WASHINGTON, D.C.: The U.S. Department of Justice has fined Chilean carrier Compañía Sud Americana de Vapores S.A. (CSAV) US$8.9 million in contravention of the anti-trust Sherman Act.
The fine follows CSAV pleading guilty to conspiring to fix prices for car carrying services to and from the U.S., including the port of Baltimore.
CSAV, currently the signatory to an MoU for an IPO with Hapag-Lloyd, was charged with suppressing and eliminating competition by rigging bids, allocating customers and price-fixing between January 2000 and September 2012.
"Today's charges are the first to be filed in the antitrust division's investigation into bid rigging and price fixing of ocean shipping services," said Bill Baer, assistant attorney general in charge of the Department of Justice's Antitrust Division. "Because of the growth in the automobile ocean shipping industry over the past 40 years, the conspiracy substantially affected interstate and foreign commerce. Prosecuting international price-fixing conspiracies remains a top priority for the division."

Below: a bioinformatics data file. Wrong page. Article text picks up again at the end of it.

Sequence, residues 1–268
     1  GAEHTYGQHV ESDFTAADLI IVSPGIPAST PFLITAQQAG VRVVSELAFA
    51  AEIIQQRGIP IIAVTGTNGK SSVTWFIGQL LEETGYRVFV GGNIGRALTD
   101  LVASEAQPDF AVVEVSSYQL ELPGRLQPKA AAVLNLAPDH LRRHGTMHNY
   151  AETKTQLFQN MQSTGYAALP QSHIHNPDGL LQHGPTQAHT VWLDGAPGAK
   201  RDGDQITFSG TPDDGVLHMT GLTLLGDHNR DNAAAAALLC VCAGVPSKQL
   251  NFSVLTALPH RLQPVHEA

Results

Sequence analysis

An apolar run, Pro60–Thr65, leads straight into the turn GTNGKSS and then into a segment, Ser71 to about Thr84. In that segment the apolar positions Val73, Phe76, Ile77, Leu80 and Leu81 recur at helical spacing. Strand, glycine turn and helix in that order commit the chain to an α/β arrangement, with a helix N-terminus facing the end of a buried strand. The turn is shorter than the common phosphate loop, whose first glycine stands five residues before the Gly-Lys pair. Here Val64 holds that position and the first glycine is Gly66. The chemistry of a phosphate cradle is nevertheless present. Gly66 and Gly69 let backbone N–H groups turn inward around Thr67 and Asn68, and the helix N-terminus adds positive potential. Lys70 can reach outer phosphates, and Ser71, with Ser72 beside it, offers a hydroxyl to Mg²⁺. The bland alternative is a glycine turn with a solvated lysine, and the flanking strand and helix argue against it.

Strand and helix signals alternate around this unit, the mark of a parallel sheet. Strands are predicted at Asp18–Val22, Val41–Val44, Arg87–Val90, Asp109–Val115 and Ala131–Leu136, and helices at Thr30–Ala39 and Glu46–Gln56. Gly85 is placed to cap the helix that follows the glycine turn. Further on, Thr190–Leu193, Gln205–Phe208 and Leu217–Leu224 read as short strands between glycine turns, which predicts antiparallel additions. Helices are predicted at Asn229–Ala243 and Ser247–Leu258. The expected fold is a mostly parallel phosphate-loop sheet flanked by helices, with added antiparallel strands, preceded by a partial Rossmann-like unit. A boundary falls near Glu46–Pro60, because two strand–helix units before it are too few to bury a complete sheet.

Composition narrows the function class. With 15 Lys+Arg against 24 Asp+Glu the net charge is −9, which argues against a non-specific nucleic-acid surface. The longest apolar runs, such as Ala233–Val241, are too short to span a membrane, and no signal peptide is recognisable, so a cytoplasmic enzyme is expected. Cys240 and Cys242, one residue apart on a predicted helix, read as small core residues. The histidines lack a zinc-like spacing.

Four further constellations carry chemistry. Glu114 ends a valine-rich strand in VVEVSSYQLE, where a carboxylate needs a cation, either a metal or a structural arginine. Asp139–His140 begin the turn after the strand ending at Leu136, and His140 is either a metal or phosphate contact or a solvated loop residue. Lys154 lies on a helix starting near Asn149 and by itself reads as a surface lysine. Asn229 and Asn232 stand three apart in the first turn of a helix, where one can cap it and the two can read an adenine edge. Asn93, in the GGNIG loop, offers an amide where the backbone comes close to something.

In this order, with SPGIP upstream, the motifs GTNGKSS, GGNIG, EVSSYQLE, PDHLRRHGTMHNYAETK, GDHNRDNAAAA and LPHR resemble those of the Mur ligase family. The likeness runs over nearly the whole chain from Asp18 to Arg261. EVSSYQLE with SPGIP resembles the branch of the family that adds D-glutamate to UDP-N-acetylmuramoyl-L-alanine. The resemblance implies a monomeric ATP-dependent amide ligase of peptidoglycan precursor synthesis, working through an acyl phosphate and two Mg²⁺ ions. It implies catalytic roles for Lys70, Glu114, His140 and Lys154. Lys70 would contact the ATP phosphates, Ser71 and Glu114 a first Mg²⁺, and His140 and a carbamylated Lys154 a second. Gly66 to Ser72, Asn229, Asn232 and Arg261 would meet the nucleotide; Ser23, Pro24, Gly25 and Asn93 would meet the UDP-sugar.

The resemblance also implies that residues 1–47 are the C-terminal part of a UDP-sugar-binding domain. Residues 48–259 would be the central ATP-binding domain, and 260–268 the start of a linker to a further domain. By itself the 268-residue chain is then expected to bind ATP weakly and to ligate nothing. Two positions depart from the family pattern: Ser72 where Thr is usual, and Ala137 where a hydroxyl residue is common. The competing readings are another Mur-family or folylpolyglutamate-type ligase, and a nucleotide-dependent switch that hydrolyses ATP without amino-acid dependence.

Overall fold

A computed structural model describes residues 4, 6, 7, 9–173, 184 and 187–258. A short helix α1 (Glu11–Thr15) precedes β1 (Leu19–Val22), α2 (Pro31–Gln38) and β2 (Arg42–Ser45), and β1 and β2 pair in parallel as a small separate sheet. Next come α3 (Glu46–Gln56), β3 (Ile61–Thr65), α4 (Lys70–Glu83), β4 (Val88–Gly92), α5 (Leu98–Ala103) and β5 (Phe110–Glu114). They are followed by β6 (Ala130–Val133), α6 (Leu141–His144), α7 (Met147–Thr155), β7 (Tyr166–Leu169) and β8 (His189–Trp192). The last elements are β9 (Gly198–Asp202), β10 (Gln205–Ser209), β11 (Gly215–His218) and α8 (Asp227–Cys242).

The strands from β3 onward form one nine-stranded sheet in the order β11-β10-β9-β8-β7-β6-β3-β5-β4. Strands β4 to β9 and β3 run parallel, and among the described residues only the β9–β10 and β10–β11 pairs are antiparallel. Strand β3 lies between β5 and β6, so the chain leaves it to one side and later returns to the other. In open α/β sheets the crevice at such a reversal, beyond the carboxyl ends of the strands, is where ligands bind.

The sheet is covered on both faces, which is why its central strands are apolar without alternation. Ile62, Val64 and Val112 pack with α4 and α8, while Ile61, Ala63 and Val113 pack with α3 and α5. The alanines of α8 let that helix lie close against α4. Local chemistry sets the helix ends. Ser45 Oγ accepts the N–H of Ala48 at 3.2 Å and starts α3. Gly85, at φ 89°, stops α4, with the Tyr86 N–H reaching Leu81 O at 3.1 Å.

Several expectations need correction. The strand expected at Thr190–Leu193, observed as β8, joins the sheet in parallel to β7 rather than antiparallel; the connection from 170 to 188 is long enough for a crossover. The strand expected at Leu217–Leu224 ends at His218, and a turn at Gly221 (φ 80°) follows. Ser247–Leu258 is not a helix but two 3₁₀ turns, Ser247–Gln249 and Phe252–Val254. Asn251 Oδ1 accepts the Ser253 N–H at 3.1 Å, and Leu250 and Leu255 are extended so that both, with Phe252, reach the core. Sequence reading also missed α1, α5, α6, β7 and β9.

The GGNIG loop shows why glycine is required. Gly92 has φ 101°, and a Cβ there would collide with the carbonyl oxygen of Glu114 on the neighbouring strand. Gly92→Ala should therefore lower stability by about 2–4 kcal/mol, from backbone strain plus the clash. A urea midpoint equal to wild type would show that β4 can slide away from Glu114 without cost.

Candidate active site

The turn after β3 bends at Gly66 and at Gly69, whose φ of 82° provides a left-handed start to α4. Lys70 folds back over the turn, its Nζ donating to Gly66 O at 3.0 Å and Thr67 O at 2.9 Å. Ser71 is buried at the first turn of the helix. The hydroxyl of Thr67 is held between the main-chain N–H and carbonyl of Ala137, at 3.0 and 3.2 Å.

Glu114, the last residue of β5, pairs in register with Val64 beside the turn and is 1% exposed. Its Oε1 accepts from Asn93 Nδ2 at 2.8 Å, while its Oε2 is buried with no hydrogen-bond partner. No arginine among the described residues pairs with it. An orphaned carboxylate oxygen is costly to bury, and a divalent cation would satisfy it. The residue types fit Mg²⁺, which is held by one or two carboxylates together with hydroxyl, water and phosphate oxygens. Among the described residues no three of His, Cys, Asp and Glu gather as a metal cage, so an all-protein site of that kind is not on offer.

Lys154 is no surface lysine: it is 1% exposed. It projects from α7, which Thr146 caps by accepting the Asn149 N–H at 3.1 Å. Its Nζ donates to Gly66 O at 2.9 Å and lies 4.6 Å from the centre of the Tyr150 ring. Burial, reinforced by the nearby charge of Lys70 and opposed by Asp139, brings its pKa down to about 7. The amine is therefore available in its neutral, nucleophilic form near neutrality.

According to the charge CSAV, and as yet unnamed co-conspirators, agreed on prices, allocated customers, refrained from bidding against one another and exchanged customer-pricing information. The companies then charged fees based on the agreements at "collusive and non-competitive prices".
The Department of Justice antitrust investigation of the international ocean shipping industry is ongoing. CSAV has agreed to cooperate.